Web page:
Editor’s note: The following answer is provided by Maurice Eastridge, dairy scientist at The Ohio State University.
Q: What is a good nutritional checklist for improving reproductive efficiency?
A: Almost all dairy farmers would like to improve the reproductive efficiency of their dairy herd, but they must manage many aspects to achieve this goal, including the nutritional program. The feeding program during the dry period, for the fresh cows, and throughout the breeding period is very important for optimizing reproductive efficiency in a herd. Although the voluntary waiting period (VWP) for first insemination following calving is typically 60 days, feeding the herd must be on target before and during this time period.
√ Energy balance: Greatest nutritional impact on reproduction
Energy balance has the greatest effect on reproduction. Intake of cows can begin to drop within one week before calving, and feeding practices today focus on trying to minimize the drop in dry matter (DM) intake before calving to minimize the extent and magnitude of a negative energy balance. Negative energy balance after calving caused by low DM intake and increasing milk yield can be affected by the transition diets fed. Stable DM intake before and high DM intake after calving usually minimize metabolic problems after calving, which, in turn, minimize the impact on energy balance. The goal is for cows to have a body condition score (BCS) of no greater than 3.5 during the dry period and to lose less than 1 BCS during early lactation. Earlier Cornell University data revealed that the first ovulation after calving typically occurs about 10 to 14 days after energy balance is at its most negative point. However, the occurrence of this first ovulation sets in place the timing of the subsequent ovulations, where the third ovulation will likely occur near the VWP.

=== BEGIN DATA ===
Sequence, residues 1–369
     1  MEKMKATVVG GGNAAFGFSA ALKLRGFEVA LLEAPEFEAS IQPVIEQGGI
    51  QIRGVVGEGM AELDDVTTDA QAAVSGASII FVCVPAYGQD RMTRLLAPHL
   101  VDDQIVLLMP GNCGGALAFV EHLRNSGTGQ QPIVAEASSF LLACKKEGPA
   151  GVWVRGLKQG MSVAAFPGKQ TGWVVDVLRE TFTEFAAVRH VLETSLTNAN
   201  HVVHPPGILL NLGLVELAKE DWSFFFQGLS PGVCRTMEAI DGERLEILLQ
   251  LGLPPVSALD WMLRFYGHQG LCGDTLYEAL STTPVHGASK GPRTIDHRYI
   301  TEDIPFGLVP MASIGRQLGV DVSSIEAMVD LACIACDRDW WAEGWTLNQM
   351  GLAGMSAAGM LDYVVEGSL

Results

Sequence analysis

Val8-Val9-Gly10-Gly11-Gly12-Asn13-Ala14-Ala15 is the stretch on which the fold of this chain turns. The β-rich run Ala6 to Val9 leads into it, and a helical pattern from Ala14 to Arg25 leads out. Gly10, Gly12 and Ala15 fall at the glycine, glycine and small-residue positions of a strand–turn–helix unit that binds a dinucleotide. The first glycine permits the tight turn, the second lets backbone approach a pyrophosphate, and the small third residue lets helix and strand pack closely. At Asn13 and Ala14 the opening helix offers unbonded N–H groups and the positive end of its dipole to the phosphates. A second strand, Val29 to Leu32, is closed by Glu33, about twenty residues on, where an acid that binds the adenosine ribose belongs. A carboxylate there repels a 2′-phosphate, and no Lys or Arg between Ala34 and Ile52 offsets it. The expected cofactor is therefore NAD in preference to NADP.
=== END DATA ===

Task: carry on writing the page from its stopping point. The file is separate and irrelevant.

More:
In addition, it is important to keep in mind that the follicle that will ovulate near the VWP began development about 14 days before calving (the follicle takes about 10 weeks to develop). Thus, the follicles ovulating near the time of breeding were developing during the time of negative energy balance before calving and shortly after calving. The extent and magnitude of the negative energy balance may affect the fertility of the ovum released. So the two keys to achieving good reproductive efficiency are 1) managing the feeding program of transition cows to maintain DM intake before calving and obtain high DM intake after calving and 2) minimizing metabolic problems. To learn more about how pre-calving feeding and management programs impact herd health and future milk production, click here.